Issue:  Vol. 48 / No. 11 / 15 March 2018

Ammiano to introduce crime lab bill

Out gay Assemblyman Tom Ammiano (D-San Francisco) announced today (Thursday, January 20) that he’ll introduce two bills to improve California’s criminal justice system.

One of the bills is inspired in part by Rudy “Ruby” Ordenana (pictured at right), a transgender woman who was found dead in 2007. The San Francisco Police Department’s crime lab didn’t process DNA from the case until nearly two years later. The evidence was matched with Donzell Francis, 42, whom law enforcement officials suspect went on to assault three transgender women after allegedly killing Ordenana.

Quintin Mecke, a spokesman for Ammiano, said in an e-mail, “Ruby’s case was certainly a motivating factor for the bill along with the long list of related issues facing SF’s crime lab.”

Among other problems, a crime lab worker was suspected of stealing cocaine from the unit.

Ammiano’s bill would create a statewide forensic oversight body that would craft uniform procedures and standards for crime labs throughout the state.

The companion bill would develop guidelines for policies and procedures for the collection and handling of eyewitness evidence in criminal investigations by all law enforcement agencies operating in the state.

“The problems with San Francisco’s crime lab are just the tip of the iceberg both here and across the state,” Ammiano said in a statement. “Without effective oversight to guarantee the integrity of evidence and standard procedures for eyewitness identification, we put both victims and the accused at risk.  Our criminal justice system must reflect our society’s values and ensure that the end result is real justice for all involved.”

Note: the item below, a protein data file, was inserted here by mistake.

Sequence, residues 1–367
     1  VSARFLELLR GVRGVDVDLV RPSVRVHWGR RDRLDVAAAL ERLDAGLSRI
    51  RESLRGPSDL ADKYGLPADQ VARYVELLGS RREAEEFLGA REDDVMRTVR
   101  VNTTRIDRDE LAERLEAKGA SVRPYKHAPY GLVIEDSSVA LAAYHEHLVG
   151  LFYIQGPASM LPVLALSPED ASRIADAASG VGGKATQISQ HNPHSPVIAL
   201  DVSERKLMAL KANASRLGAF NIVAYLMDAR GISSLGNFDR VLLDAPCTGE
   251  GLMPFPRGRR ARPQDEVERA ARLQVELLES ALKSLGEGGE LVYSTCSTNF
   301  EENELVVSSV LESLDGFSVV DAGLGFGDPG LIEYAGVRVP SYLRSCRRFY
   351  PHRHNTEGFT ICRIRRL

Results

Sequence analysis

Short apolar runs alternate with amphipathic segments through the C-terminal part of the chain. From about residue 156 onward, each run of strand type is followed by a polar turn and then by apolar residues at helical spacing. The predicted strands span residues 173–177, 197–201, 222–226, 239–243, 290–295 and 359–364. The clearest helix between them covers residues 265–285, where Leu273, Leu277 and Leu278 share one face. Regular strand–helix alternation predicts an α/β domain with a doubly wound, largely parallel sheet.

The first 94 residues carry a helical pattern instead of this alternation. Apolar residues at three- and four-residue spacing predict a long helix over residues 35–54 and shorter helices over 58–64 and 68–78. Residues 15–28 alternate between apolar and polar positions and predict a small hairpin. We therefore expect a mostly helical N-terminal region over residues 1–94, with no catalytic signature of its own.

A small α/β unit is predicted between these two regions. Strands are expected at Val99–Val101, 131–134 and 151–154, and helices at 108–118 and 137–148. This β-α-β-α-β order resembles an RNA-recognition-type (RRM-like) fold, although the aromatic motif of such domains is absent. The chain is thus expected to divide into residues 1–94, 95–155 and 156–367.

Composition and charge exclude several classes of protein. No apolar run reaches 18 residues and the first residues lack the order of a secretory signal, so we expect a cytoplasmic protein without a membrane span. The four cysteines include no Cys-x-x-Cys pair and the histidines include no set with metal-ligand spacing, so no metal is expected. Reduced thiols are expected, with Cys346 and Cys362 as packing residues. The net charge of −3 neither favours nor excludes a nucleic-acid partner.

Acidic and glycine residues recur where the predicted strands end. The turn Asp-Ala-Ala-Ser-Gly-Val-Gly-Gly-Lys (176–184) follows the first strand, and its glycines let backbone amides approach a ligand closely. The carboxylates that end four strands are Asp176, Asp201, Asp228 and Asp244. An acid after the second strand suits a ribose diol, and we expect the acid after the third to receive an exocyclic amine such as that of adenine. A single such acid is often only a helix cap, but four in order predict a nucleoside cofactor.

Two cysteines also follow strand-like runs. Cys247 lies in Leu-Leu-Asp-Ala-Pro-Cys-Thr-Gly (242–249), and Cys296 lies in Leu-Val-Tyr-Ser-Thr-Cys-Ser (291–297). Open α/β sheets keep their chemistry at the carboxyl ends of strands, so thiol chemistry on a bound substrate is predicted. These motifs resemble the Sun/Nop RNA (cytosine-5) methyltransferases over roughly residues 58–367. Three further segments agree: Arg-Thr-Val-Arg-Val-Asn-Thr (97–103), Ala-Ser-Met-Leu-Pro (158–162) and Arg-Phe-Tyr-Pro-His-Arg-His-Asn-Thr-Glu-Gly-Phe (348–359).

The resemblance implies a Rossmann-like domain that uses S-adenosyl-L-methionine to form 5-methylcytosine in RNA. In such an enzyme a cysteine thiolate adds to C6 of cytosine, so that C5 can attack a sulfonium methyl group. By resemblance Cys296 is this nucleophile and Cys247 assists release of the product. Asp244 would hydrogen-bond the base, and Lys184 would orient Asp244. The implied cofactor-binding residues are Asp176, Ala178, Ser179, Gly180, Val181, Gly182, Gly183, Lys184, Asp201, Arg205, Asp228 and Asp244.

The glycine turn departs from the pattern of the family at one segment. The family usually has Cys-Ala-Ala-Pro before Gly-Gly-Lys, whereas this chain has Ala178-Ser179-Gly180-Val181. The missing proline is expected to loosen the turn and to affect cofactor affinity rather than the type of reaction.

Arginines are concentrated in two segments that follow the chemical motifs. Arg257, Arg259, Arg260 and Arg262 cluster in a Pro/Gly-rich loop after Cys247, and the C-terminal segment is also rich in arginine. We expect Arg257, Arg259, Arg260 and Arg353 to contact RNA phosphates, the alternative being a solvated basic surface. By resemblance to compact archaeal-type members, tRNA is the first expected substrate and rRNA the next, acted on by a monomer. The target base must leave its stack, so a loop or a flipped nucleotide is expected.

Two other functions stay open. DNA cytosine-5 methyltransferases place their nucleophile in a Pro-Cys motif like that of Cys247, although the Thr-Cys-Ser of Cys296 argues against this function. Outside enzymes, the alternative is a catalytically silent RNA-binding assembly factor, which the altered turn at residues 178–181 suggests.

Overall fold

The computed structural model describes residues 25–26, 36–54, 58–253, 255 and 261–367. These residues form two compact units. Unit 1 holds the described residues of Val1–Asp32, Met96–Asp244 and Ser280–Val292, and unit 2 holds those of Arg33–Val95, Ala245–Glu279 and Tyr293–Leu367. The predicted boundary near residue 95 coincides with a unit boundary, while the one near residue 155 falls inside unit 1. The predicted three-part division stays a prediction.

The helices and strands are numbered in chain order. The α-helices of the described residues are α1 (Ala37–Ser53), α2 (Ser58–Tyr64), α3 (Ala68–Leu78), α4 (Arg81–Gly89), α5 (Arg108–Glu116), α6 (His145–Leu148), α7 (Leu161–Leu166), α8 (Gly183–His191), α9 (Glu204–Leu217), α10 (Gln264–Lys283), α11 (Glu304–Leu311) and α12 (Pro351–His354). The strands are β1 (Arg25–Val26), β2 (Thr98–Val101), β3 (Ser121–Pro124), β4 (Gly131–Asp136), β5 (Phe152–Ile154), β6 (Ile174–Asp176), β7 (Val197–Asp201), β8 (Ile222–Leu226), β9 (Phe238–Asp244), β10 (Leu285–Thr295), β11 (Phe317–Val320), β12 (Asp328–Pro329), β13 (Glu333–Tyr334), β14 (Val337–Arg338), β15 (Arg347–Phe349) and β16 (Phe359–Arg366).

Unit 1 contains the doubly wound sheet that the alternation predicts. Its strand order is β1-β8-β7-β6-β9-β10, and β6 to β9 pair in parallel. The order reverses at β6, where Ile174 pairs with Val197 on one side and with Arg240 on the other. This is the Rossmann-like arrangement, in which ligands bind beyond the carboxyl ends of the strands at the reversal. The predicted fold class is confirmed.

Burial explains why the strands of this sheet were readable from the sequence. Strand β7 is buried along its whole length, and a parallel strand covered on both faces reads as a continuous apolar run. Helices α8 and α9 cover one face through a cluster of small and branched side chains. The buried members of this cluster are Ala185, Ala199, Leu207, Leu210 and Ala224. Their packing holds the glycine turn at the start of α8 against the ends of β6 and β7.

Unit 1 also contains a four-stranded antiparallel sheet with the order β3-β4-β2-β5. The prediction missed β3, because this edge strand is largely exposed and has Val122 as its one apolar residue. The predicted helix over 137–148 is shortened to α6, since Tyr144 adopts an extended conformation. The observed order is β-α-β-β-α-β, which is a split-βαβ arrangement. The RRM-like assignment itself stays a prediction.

In December 2009, a jury found Francis guilty of charges including forcible oral copulation and robbery of a transgender woman. He was sentenced in January 2010 to 17 years and eight months in state prison for that case, which also stemmed from 2007.  As of this month, he remained in custody in San Francisco County jail.

In December 2010, San Francisco’s Board of Supervisors passed an ordinance that includes a call for DNA collected in sexual assault cases to be tested within two weeks.

— Seth Hemmelgarn, January 20, 2011 @ 3:03 pm PST
Filed under: Uncategorized

RSS feed for comments on this post. TrackBack URI

Comments are disabled at this time.

Follow The Bay Area Reporter
Newsletter logo
twitter logo
facebook logo